Clinic ‘turkey baster’ method may be worth trying before IVF
Putting sperm directly into a woman’s uterus is no longer popular as a fertility treatment, but new evidence suggests it’s more effective than we thought – as well as being a lot easier and cheaper than IVF.
Infertility is nothing new, and people have been inventing ways to boost their chances of conceiving for centuries. One approach to tackling reduced male fertility, the “turkey baster” method of placing sperm into the vagina, has been around in some form since at least the 1400s.
Improved versions of this procedure, aka intrauterine insemination (IUI), wash the sperm first, to lower the risk of infections, before using a thin tube to deliver the sperm. Sometimes, women are given drugs to increase the number of eggs they release, with the hope of further boosting the chances of success.
But the technique has fallen out of favour in recent years, in part because studies have shown that a single round of IVF is more likely to result in pregnancy than IUI. The UK’s National Institute for Health and Care Excellence recommends couples with unexplained infertility bypass IUI altogether after trying for a year or two, depending on age, the most cost-effective approach is to skip straight to IVF, the guidelines state.
Now Cindy Farquhar of the University of Auckland, New Zealand, and her team have found that IUI is much more likely to lead to pregnancy than we thought. The team compared three rounds of IUI paired with a drug that boosts ovulation against three months of trying to conceive naturally, in 201 couples who were trying to conceive.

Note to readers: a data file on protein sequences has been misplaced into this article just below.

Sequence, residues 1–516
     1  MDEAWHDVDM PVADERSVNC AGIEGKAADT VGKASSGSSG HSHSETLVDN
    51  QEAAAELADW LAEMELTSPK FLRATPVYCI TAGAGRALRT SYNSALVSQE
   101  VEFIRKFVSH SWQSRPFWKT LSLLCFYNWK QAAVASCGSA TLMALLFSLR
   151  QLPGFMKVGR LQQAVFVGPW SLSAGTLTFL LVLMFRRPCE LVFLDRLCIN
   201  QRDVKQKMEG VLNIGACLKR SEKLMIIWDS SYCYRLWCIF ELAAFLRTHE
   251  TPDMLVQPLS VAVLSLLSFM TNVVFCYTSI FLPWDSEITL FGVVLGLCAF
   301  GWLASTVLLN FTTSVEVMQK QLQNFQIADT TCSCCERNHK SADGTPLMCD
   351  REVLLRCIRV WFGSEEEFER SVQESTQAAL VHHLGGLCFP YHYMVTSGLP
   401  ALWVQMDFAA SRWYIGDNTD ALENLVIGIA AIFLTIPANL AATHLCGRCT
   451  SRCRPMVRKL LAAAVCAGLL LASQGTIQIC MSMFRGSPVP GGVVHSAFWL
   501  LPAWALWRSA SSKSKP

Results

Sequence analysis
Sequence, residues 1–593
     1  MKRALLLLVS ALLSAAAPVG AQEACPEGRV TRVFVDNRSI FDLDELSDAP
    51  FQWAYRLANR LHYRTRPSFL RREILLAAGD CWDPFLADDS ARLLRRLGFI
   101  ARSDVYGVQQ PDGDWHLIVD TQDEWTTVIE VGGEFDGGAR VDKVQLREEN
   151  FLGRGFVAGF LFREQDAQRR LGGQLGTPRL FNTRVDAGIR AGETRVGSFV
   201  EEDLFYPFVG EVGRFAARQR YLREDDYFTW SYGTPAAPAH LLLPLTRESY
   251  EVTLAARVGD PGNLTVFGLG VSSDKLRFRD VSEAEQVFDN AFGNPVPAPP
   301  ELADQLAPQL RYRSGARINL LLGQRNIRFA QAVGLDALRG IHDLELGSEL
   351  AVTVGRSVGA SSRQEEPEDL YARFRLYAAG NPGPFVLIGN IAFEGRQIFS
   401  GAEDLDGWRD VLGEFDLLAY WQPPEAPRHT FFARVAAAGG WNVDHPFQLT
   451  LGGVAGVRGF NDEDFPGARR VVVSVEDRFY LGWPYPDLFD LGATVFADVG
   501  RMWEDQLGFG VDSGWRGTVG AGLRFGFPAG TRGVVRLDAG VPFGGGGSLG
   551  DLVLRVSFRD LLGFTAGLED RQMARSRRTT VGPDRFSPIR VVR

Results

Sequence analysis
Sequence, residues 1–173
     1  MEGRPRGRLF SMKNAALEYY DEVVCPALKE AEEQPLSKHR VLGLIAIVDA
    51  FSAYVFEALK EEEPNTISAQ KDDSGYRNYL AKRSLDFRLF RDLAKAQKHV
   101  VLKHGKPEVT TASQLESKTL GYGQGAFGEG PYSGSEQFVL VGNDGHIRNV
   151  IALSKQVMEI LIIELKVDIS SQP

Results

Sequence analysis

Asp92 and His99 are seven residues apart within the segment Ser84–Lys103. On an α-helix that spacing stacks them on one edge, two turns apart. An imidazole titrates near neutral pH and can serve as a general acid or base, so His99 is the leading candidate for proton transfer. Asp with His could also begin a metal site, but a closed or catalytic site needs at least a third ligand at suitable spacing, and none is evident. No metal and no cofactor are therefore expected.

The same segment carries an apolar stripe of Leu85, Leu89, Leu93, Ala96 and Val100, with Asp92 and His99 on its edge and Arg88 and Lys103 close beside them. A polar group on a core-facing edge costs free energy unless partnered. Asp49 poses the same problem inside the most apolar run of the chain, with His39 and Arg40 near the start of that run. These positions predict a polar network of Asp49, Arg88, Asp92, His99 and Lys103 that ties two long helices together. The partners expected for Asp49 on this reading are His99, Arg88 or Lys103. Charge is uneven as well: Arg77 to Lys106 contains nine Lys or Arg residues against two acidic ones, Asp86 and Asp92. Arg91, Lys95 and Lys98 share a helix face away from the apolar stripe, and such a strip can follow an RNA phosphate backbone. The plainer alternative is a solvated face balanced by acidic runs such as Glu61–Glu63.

The team presented results at the European Society of Human Reproduction and Embryology meeting in Geneva, Switzerland, this month that suggest IUI can increase the live birth rate from 9 per cent to 31 per cent in couples who’ve had unexplained infertility for three to four years.
This could be good news because IUI is much easier than IVF and often around a quarter of the price. The sperm is injected into the uterus through a thin tube, with no need for surgery.
In a study of 602 couples, Ben Cohlen of the Fertility Clinic Isala in Zwolle, the Netherlands, and his team has found that, over six rounds of treatment, IUI has similar success rates to drug-free IVF. “For unexplained or mild male infertility, I would do at least three cycles of IUI before trying IVF,” says Cohlen.
Roy Homburg at Homerton University Hospital in London agrees IUI is worth a try and describes proceeding directly to IVF as being “like using a sledgehammer to crack a nut”.
“We are overusing IVF to treat unexplained infertility,” says Homburg. With carefully chosen couples, and combined with female fertility drugs, IUI is more cost effective and less invasive, he says.